How to train a robot (using AI and supercomputers)

(Nanowerk News) Before he joined the University of Texas at Arlington as an Assistant Professor in the Department of Computer Science and Engineering and founded the Robotic Vision Laboratory there, William Beksi interned at iRobot, the world's largest producer of consumer robots (mainly through its Roomba robotic vacuum).
To navigate built environments, robots must be able to sense and make decisions about how to interact with their locale. Researchers at the company were interested in using machine and deep learning to train their robots to learn about objects, but doing so requires a large dataset of images. While there are millions of photos and videos of rooms, none were shot from the vantage point of a robotic vacuum. Efforts to train using images with human-centric perspectives failed.
Beksi's research focuses on robotics, computer vision, and cyber-physical systems. "In particular, I'm interested in developing algorithms that enable machines to learn from their interactions with the physical world and autonomously acquire skills necessary to execute high-level tasks," he said.
Examples of 3D point clouds synthesized by the progressive conditional generative adversarial network (PCGAN) for an assortment of object classes. PCGAN generates both geometry and color for point clouds, without supervision, through a coarse to fine training process. (Image: William Beksi, Mohammad Samiul Arshad, UT Arlington)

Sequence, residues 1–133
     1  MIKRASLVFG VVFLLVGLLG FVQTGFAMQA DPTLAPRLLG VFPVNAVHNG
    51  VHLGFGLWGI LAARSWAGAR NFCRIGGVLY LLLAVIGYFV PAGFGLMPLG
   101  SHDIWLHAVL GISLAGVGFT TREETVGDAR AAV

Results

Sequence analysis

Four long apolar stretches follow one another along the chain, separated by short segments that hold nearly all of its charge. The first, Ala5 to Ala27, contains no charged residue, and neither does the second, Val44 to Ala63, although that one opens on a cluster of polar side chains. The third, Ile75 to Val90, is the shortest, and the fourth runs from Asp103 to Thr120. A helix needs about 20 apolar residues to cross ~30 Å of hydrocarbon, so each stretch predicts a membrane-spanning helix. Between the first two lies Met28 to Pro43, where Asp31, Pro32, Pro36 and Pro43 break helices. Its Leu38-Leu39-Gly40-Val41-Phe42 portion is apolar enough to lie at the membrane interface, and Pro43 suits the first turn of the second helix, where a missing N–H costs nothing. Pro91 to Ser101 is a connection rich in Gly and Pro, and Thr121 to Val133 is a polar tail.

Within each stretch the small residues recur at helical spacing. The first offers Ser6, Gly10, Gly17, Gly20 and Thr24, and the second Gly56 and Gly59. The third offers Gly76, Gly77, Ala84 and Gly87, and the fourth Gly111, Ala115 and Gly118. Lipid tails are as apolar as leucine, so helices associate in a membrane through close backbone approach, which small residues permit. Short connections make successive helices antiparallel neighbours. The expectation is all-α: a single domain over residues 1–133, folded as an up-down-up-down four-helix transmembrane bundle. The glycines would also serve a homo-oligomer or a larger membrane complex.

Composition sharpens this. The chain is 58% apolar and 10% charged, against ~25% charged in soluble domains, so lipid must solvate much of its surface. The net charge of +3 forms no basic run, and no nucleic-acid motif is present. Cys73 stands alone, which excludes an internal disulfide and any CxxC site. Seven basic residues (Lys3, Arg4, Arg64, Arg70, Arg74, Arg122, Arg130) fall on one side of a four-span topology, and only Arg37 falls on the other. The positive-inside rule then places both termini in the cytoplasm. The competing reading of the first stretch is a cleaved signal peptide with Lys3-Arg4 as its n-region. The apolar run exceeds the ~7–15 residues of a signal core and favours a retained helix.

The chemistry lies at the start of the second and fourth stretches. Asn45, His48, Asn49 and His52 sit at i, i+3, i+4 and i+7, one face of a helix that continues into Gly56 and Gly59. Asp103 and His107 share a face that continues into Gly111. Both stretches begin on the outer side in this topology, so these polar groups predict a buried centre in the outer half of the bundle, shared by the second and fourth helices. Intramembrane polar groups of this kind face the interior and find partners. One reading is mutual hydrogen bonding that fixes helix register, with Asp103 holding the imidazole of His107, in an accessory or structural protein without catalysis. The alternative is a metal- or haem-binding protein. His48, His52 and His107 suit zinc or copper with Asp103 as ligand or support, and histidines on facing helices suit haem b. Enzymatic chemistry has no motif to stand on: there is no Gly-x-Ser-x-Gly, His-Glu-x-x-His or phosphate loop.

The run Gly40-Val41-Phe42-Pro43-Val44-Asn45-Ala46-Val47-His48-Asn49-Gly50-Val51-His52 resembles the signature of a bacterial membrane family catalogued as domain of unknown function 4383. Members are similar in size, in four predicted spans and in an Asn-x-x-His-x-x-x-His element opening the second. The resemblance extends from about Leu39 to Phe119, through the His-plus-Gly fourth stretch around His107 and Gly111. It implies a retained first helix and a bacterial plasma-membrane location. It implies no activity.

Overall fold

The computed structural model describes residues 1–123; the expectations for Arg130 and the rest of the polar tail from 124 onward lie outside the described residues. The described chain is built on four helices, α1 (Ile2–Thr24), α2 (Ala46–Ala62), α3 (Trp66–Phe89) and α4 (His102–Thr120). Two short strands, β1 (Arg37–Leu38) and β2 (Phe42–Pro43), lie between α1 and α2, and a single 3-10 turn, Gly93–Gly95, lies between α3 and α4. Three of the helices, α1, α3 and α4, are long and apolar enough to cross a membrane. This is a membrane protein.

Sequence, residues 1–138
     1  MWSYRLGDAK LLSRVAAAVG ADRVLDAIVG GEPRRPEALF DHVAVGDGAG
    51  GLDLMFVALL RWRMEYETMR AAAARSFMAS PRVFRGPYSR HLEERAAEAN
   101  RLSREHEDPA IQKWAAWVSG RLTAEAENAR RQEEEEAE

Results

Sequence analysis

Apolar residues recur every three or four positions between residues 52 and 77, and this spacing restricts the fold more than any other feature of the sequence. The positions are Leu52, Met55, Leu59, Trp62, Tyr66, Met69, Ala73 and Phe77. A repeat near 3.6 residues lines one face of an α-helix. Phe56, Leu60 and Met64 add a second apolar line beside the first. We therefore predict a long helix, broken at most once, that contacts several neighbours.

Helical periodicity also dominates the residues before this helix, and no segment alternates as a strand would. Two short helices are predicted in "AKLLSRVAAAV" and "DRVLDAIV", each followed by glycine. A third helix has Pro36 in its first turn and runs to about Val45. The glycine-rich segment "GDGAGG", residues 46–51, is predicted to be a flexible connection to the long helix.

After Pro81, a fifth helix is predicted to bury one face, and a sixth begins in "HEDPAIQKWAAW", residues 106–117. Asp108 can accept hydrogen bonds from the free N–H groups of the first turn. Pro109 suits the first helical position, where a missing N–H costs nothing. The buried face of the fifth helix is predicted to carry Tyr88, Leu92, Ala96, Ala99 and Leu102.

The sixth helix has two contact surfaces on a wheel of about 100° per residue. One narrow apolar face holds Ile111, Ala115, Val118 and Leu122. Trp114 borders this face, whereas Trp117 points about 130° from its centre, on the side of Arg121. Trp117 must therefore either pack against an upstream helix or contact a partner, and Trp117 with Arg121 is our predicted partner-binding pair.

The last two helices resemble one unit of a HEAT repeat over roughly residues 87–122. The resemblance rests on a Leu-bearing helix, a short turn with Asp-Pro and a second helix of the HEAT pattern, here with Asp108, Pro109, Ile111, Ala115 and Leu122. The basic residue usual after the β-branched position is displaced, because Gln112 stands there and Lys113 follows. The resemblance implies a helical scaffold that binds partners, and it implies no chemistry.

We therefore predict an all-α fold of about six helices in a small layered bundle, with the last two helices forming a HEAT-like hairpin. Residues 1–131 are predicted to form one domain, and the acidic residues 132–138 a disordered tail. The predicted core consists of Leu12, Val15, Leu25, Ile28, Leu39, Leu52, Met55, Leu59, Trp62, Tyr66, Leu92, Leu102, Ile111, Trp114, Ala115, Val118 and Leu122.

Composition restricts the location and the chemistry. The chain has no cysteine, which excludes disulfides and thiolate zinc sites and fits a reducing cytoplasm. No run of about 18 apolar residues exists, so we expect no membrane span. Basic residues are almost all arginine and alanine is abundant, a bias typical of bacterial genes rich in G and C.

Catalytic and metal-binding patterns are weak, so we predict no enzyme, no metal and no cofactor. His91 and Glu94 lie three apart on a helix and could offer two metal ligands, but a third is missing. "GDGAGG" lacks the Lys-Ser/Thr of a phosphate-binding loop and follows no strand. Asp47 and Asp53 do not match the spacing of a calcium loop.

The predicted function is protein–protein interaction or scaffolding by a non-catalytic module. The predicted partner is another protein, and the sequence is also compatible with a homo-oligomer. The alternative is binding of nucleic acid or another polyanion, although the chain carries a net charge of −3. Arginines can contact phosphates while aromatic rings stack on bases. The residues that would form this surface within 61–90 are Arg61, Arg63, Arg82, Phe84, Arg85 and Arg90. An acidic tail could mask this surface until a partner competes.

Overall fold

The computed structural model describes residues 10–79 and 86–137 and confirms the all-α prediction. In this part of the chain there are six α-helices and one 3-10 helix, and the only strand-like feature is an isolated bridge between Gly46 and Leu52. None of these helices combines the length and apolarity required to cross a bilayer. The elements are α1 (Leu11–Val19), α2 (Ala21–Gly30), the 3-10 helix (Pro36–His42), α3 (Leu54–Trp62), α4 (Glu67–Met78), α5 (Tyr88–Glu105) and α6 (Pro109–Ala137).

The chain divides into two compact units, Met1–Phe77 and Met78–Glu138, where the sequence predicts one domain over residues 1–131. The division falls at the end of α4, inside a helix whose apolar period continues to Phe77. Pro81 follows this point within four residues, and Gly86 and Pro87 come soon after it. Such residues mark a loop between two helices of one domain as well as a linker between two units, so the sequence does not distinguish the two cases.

Years later, now with a research group including six PhD computer science students, Beksi recalled the Roomba training problem and begin exploring solutions. A manual approach, used by some, involves using an expensive 360 degree camera to capture environments (including rented Airbnb houses) and custom software to stitch the images back into a whole. But Beksi believed the manual capture method would be too slow to succeed.
Instead, he looked to a form of deep learning known as generative adversarial networks, or GANs, where two neural networks contest with each other in a game until the ‘generator' of new data can fool a ‘discriminator.' Once trained, such a network would enable the creation of an infinite number of possible rooms or outdoor environments, with different kinds of chairs or tables or vehicles with slightly different forms, but still — to a person and a robot — identifiable objects with recognizable dimensions and characteristics.
"You can perturb these objects, move them into new positions, use different lights, color and texture, and then render them into a training image that could be used in dataset," he explained. "This approach would potentially provide limitless data to train a robot on."
"Manually designing these objects would take a huge amount of resources and hours of human labor while, if trained properly, the generative networks can make them in seconds," said Mohammad Samiul Arshad, a graduate student in Beksi's group involved in the research.

Generating Objects for Synthetic Scenes

After some initial attempts, Beksi realized his dream of creating photorealistic full scenes was presently out of reach. "We took a step back and looked at current research to determine how to start at a smaller scale – generating simple objects in environments."